Windows restore point

What is a Restore Point?

A windows restore point is a photo of the system files, registry settings, and programs on your computer at a specific moment. It is a type of backup of the state of your computer.
You may need this feature for system recovery, since it allows you to revert your system back to a stable state in the event of unexpected errors or software conflicts.

Installed and deleted programs are also part of restore points.
Your personal files, like your downloaded music or pictures, are not part of it.

Let us say that your computer is functioning smoothly.
At a moment like this you create a windows restore point.
Now, an unexpected issue arises, causing your computer to behave unpredictably.
In scenarios like this, how nice would it be to revert your computer to the ¨functioning smoothly¨ state?
This is where restore points can help you.

There is no guarantee that it will work, that depends on the type of problem, but at least you have a simple option that you can try.

You have enable the feature restore points. I will explain this in the section Enabling Restore Points.

When enabled, Windows automatically creates restore points before significant system changes, like installing new software or drivers. This provides a fallback option in case something goes wrong.

You can manually create a windows restore point at any time. To do this, type “restore point” in the Windows search bar and follow the on-screen instructions. I will explain this in the section Creating a Restore Point.

While restore points are a valuable tool for system recovery, it is important to have a regular backup strategy for your personal files and data. This ensures you have a complete backup of your important information in case of catastrophic failures.

Enabling Restore Points

Go to the search bar and type restore to go to System Properties.

Restore Point 1 01
When the results appear, click Create a restore point.

Restore Point 1 02

The System Properties screen appears, and the tab System Protection is selected.
Protection is Off.
Let us set this to On. Click Configure.

Restore Point 1 03

The next screen appears, and “Disable system protection” is the default selection.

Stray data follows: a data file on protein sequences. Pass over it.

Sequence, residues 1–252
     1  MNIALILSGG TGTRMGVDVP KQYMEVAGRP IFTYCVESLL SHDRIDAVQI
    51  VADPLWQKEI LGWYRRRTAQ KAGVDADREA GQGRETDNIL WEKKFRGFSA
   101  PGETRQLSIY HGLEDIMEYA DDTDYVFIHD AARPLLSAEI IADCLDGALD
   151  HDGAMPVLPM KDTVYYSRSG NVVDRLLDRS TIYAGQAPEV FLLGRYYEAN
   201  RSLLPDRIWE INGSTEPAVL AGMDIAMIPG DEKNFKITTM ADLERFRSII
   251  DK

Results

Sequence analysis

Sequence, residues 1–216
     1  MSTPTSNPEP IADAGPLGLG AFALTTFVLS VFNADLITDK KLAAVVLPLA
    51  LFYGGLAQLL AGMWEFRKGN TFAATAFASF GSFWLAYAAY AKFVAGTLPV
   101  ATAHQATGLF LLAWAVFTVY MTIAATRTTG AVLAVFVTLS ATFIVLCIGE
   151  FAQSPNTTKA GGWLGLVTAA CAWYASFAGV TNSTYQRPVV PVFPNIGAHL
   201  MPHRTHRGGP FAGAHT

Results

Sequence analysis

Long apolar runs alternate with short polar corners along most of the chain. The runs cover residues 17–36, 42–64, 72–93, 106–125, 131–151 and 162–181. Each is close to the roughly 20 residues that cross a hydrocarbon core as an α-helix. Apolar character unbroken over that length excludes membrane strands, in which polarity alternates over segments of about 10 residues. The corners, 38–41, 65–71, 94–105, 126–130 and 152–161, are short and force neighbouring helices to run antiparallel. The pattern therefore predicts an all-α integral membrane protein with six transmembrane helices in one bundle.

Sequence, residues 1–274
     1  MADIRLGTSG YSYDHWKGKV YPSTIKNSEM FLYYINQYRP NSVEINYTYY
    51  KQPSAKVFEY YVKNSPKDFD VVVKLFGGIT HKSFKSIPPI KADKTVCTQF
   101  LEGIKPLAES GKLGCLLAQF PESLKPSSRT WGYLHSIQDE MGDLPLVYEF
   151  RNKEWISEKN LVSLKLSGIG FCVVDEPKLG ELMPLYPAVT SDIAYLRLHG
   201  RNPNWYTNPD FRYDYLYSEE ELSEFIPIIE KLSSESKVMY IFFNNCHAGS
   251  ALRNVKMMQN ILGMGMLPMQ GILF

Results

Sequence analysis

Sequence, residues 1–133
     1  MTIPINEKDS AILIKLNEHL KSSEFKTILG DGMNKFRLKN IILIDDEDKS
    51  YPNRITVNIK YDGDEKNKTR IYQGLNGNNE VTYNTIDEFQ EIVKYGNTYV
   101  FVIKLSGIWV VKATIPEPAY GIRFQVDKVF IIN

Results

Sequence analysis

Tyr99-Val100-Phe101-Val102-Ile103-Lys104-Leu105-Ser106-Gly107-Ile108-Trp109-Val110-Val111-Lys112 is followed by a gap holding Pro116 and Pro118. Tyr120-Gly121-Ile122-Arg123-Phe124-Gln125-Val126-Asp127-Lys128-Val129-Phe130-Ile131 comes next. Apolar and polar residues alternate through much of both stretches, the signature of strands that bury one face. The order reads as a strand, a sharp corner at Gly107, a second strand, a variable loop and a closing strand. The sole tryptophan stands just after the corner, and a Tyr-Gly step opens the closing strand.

Select Turn on system protection.

Restore Point 1 05

You enable system protection by clicking Ok, after this you can create a windows restore point.

Before we continue, let us first take a quick look at the two other items on this screen.

Disk Space Usage: this allows you to adjust how much disk space you allocate to store restore points. There is a slider to set the disk space, left is less space, right is more. Normally you do not change this, the default is in most cases fine.

Delete button: this will delete all Restore Points on the selected drive. A warning message appears, click Continue if you want to delete all restore points.

Now that you have set the protection to On, it is time to manually create a Restore Point.

Creating a Restore Point

If you clicked Ok after you selected Turn on system protection you were taken back to the System Protection screen.

Click Create to create a restore point now.

Restore Point 1 07

In the next screen you have to type a description, the name, for your restore point. You cannot change the description later on.
The button Create is grayed-out; this is accessible when you enter a description.

Restore Point 1 08

Let us enter a description and create a windows restore point.
For the description I enter Monthly, next click Create.

Restore Point 1 09

The restore point is created, this can take several minutes, a progress bar displays.

Restore Point 1 10

The name of this progress bar is Indeterminate or Marquee progress bar. In situations where the exact duration or amount of progress can not be determined, such as when the completion time of a task is unknown, this bar appears. 

A pop-up message informs you that you created the restore point successfully, click Close to continue.

Restore Point 1 11

This is how you create a windows restore point. The next post will be about performing a system restore.

Do not forget to read my second blog om Restore Points here.

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Thank you for taking the time to read my post on windows restore point
.I hope you found it enjoyable and insightful.
Stay tuned for more content that is coming soon.
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Disclaimer
All tips and methods mentioned in this blog are tested on Windows 11. Please note that results may vary on other operating systems or versions of Windows. Adapt the instructions accordingly.

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